Embroidery From Up-cycled Materials

About: I'm doing my Masters Degree in Mechanical Engineering, and creative hobbies keep me sane.

Intro: Embroidery From Up-cycled Materials

Ever wondered how you can spice up your embroidery, but had no idea how? Or, have you never considered doing embroidery because you thought it looks boring? Using up-cycled materials can drastically change how you look at embroidery and can give you many new creative ideas!

Step 1: Collect Items That You Usually Throw Away

Collect items, made from plastic, that usually end up in the bin. I saved a take-away coffee cup's lid, a yogurt container lid, pill packaging, hairband packaging, plastic gift wrap ribbon, a water bottle, a drinking straw and shopping bags. I also used stuff that you don't necessarily throw away, but that just lie in your cupboards for years - extra buttons from clothes I don't even have anymore, and an old bracelet that I don't wear. I also tried to use off-cut embroidery thread from previous projects.

Step 2: Things You'll Need

Apart from the "trash", you'll need some embroidery basics, like a needle, embroidery hoop, fabric, scissors and a marker, if you want to plan your embroidery design beforehand.

Step 3: Prepare Your Up-cycled Materials

In order to get your creativity going, get your up-cycled materials in a form that is ready to use in embroidery.

Plastic bags can be used by cutting it into very fine strips (how fine depends on how tightly your embroidery fabric is woven and how thick the needle is that you are going to use). Some plastic bags are more difficult to cut into straight strips than others; I found that rolling up the plastic bag and then cutting it is the easiest way. Also, for an interesting effect, try to use the parts of the bag that has writing or many different colors.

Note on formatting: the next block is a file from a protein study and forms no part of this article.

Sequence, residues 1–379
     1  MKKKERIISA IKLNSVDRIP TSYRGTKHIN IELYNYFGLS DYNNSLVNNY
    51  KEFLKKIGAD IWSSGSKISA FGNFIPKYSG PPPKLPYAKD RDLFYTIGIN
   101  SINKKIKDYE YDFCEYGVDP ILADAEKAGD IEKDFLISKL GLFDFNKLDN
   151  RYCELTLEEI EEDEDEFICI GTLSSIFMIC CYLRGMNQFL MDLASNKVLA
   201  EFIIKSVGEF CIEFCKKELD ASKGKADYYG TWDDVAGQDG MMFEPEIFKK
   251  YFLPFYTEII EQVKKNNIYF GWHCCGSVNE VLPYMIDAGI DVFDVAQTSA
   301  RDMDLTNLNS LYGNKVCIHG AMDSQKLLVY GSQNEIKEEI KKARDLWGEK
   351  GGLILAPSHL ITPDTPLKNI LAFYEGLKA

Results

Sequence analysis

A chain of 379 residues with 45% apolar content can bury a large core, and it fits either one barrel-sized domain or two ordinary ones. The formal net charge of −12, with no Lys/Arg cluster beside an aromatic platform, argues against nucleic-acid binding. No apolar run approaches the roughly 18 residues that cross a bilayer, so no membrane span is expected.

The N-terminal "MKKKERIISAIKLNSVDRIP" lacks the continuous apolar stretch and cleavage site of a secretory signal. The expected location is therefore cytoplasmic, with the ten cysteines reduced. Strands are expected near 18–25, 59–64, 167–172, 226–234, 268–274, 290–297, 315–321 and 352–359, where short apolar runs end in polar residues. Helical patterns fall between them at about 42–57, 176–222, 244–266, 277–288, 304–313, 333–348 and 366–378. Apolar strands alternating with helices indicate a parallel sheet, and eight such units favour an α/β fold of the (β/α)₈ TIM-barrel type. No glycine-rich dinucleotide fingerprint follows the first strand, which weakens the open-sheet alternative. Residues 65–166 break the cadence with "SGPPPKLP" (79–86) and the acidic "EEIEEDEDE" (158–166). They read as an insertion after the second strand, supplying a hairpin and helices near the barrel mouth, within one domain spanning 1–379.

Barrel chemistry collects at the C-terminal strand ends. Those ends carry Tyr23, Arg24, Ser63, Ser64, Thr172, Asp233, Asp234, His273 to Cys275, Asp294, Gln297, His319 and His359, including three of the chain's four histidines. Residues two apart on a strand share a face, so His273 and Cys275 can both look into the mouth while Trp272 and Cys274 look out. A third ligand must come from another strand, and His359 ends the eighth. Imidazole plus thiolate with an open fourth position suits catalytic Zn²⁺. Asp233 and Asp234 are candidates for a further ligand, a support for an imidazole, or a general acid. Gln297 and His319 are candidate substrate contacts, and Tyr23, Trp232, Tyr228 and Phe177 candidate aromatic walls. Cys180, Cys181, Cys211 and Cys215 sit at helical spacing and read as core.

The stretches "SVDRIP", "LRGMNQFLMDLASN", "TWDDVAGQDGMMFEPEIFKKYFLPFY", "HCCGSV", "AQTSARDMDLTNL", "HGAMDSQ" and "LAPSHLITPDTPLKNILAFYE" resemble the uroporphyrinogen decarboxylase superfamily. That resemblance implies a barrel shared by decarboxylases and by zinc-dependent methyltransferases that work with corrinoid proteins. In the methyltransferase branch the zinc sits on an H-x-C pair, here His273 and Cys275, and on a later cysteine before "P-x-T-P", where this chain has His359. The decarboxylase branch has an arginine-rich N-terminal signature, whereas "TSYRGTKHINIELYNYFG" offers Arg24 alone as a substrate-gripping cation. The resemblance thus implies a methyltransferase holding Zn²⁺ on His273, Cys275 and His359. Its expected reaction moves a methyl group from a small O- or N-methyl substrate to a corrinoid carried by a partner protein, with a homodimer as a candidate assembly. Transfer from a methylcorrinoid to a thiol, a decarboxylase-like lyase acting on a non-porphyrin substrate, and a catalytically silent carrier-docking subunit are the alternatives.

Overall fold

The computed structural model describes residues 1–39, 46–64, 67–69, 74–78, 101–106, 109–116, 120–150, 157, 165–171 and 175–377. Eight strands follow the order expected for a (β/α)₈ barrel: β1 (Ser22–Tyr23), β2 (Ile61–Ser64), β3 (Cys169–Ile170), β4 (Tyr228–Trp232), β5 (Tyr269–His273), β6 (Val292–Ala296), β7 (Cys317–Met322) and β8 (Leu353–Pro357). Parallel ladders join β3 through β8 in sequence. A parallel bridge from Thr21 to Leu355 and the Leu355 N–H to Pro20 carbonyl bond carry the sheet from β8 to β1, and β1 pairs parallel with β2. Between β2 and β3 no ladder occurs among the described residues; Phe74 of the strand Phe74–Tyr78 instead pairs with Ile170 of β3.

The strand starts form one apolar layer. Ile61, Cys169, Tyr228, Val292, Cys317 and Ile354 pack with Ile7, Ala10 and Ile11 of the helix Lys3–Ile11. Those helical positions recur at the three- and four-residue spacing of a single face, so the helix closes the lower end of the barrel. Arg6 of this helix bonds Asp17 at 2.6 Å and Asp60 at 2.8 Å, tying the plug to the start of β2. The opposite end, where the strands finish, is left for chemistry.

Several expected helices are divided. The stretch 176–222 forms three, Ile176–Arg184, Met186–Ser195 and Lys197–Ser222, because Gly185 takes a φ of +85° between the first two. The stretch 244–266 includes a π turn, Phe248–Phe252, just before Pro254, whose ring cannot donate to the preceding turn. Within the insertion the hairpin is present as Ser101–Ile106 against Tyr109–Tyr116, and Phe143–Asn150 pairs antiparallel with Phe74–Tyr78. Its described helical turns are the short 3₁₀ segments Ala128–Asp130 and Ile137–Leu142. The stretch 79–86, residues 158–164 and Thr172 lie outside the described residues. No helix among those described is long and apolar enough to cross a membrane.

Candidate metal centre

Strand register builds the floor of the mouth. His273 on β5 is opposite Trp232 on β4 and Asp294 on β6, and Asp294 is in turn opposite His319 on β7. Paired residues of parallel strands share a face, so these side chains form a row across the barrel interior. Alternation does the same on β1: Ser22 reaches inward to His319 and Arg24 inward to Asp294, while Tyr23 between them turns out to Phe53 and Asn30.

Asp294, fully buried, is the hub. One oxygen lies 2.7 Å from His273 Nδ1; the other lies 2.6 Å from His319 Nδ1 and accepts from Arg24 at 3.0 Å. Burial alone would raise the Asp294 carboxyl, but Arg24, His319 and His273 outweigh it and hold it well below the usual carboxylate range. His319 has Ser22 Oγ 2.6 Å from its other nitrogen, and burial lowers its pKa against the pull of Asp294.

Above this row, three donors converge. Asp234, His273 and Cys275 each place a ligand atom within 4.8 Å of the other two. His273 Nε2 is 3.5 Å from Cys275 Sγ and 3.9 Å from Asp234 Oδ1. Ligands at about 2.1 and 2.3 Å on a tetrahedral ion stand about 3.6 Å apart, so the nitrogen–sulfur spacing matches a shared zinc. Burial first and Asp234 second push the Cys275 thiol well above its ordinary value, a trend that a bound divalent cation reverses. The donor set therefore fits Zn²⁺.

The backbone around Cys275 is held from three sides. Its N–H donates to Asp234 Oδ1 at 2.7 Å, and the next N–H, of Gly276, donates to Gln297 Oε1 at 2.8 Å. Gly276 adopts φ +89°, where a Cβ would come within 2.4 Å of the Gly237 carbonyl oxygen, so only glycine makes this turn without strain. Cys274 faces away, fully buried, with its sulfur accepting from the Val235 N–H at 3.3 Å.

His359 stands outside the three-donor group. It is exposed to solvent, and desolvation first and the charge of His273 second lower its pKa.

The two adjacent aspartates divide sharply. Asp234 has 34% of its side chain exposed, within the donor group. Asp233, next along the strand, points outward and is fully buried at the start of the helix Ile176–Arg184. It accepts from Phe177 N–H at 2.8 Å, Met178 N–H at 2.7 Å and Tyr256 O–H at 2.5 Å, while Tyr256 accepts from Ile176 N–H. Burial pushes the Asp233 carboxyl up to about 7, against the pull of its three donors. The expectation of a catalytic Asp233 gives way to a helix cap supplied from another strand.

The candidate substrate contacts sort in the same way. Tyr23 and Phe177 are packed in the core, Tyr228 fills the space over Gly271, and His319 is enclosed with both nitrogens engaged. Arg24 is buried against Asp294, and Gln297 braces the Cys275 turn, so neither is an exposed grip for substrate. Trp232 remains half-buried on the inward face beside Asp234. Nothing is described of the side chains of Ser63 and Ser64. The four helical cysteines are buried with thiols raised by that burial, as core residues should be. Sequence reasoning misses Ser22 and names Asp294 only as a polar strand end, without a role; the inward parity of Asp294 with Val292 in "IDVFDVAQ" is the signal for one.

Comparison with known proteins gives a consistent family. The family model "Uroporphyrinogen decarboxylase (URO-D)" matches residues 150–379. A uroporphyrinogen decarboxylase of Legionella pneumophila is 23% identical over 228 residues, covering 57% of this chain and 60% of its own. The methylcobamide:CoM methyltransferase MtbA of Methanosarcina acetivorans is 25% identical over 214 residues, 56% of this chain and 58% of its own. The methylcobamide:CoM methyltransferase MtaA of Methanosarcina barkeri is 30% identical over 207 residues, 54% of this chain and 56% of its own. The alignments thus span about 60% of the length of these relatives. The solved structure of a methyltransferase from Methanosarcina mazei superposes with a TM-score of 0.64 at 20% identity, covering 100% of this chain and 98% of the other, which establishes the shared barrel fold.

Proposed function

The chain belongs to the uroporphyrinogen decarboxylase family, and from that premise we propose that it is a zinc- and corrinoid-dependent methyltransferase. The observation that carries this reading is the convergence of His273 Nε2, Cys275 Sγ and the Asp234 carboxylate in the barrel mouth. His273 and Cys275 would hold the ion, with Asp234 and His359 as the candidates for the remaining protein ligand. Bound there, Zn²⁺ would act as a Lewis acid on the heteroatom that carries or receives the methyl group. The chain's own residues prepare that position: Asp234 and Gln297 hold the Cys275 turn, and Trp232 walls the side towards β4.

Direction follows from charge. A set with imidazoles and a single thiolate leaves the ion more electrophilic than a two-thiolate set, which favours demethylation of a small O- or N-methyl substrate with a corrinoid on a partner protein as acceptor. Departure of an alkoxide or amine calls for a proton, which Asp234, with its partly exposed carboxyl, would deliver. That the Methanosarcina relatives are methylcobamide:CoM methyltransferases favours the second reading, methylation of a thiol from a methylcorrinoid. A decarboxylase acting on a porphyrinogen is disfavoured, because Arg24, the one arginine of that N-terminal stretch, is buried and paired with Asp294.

Plastic gift wrap ribbon may also need to be cut into finer strips; I cut strips of about 2 mm, but it's fine if the thickness varies in the length of the strip - it just adds to the excitement and character of your project!

I also cut the straw into short tubes.

I transformed the plastic lids and pill packaging into "sequins" by using a hole punch and poking holes through the centers with a needle.

When transforming the water bottle, try to use the parts that have the least amount of curves - but if you are adventurous, you can try using the curved parts, they are just more difficult to cut. I cut diamond shapes from my water bottle, and poked three holes through each - but you'll see that in a next step (The Blue Flower)!

I embroidered three different flowers using up-cycled materials, and I'll describe each in it's own step. I initially planned only one flower, but as I got going, inspiration hit me, and I hope that seeing how I used the materials, that inspiration hits you as well!

After stretching your fabric over the hoop, you're ready to begin.

Step 4: The Red Flower

For this flower, you'll need:

- Straw pieces